Native title agreement-making process must be reformed
Australia’s leading association of human rights lawyers, has spoken out about the urgent need for reform of the native title agreement-making process, saying it must comply with international human rights standards. The comments come after the Queensland Government used its available statutory discretions to extinguish native title over 1,385 hectares of Wangan and Jagalingou (W&J) Country in favour of Adani for the Carmichael Coal and Rail Project.
This action means that Adani has been granted freehold title to the land and the area will now be excluded from the W&J native title claim which is currently on foot. The W&J Peoples have been split on the project with some people agreeing to the Indigenous Land Use Agreement (ILUA) registered in 2017. The process has been mired in allegations such as that Adani paid people to recruit mine supporters, including other Indigenous people with no link to the mine site.
Australian Lawyers for Human Rights (ALHR) President Kerry Weste said, “ALHR is concerned that the native title agreement-making process provides yet another example of a lack of adequate balance and protection with respect to governments’ and private corporations’ ability to exert disproportionate power over Indigenous peoples”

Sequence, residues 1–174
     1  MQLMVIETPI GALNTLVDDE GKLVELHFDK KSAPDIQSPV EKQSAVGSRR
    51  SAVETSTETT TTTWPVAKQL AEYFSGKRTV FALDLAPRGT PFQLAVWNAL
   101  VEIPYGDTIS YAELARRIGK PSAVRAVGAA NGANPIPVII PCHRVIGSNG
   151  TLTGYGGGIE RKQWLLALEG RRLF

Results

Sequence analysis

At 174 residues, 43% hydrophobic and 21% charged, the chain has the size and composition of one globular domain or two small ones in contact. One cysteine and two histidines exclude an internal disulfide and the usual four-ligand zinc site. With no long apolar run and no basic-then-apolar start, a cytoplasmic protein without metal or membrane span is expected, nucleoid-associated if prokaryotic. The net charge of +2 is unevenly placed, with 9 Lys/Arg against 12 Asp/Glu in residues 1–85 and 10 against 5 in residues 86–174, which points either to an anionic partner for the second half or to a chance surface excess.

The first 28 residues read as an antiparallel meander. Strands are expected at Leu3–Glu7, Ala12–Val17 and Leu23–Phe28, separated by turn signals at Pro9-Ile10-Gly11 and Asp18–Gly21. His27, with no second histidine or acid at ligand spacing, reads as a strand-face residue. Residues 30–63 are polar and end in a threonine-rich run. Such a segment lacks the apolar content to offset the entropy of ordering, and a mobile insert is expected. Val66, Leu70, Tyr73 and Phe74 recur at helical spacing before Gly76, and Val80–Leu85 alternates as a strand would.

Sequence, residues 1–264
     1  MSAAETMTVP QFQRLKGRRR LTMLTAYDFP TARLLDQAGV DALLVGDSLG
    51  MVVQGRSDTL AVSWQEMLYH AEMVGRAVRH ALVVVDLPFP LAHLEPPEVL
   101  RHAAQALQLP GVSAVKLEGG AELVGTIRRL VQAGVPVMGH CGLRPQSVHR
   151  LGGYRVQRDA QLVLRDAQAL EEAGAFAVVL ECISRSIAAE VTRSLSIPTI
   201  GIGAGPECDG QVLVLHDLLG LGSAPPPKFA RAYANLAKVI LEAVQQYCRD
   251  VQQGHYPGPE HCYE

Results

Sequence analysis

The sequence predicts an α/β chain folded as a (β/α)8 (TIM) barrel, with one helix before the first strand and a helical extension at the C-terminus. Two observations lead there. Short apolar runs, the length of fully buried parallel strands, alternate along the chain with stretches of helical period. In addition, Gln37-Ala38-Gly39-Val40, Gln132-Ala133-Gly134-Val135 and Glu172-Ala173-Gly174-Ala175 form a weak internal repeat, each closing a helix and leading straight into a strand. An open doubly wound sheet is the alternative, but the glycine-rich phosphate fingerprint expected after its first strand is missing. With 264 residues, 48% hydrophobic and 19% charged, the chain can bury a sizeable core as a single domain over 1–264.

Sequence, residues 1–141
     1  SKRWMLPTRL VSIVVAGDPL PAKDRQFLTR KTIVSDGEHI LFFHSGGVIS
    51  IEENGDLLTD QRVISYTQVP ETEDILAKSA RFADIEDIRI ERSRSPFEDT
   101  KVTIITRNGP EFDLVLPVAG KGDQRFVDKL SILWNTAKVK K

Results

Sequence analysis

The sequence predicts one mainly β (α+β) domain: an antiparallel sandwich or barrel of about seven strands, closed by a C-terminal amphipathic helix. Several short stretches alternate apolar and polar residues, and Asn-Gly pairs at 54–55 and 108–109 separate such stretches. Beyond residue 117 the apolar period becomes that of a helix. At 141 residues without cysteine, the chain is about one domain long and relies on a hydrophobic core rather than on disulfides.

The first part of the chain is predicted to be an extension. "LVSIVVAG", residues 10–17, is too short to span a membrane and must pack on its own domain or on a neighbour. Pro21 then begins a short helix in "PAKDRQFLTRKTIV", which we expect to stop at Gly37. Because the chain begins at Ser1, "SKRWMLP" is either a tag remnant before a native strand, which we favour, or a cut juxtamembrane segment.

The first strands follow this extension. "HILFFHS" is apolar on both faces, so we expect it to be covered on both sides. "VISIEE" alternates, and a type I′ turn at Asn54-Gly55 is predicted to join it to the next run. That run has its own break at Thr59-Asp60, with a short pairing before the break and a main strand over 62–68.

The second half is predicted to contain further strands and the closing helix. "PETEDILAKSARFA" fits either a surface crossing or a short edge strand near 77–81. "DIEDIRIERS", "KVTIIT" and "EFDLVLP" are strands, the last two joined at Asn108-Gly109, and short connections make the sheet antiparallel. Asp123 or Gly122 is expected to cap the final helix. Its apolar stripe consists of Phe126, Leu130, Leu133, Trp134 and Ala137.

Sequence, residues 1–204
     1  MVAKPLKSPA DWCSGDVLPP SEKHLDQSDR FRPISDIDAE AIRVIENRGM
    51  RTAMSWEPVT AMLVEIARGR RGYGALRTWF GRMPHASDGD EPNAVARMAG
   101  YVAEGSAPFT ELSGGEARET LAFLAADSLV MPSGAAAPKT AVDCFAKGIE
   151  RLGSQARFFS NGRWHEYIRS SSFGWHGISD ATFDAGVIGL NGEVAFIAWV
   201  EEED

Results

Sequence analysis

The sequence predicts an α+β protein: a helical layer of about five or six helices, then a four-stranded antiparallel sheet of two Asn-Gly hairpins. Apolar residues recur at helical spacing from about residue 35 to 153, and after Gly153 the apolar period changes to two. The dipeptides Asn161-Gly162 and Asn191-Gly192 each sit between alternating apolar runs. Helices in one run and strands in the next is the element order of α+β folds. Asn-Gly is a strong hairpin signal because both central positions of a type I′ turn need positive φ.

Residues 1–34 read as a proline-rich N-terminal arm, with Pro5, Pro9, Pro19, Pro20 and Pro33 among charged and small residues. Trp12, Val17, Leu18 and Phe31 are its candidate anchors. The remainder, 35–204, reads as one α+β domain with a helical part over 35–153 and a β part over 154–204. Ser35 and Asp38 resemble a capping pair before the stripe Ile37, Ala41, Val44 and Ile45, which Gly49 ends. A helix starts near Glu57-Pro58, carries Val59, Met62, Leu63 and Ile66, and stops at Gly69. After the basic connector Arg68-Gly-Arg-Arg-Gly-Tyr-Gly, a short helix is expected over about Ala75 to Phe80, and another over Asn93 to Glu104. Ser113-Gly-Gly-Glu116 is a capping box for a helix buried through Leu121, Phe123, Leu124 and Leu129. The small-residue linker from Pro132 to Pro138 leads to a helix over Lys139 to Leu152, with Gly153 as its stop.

“ALHR echoes the concerns of , the United Nations, the W&J Peoples opposed to the Adani mine and prominent Australian barrister, Tony McAvoy SC, that the native title agreement-making process may be inconsistent with Australia’s obligations under both the Convention on the Elimination of All Forms of Racial Discrimination and the UN Declaration of the Rights of Indigenous Peoples.”
“ALHR has repeatedly called on the Australian Government to incorporate the principle of free, prior and informed consent into the Native Title Act 1993 (Cth). It is imperative that a system purportedly created to address the injustices of past dispossession does not perpetuate the disadvantaged position of Indigenous Australians by denying them the freedom to decide how to realise the economic potential of their land.”
Ms Weste noted, “In this particular case, it remains to be seen whether any necessary notification requirements under the Adani ILUA were followed, and what compensation will be afforded to the W&J Peoples as a result of this extinguishment.”
Parts of the land include traditional lands used by W&J Peoples for ceremonies and it has been reported that Adani has also warned some W&J People, that it could take action against them for “trespass” if they come on to land that will form part of the Carmichael mine site. Ms Weste said, “Allegations such as these are concerning and ALHR expresses support for the disrespect and hurt felt by the W&J Peoples who oppose the project.”
Some members of the W&J Peoples claiming native title recently challenged in the validity of the Adani ILUA in the Full Court of the Federal Court. The Court had limited powers to correct any deficiencies in the process which may have tainted the validity of a certification decision which preceded the registration of the ILUA.
“Ms Weste concluded, “There remain significant questions to be answered for Australian Governments in relation to the operation of the Native Title Act 1993 (Cth) and its compatibility with international human rights standards.”
Contact: Matt Mitchell, ALHR media manager 0431 980 365.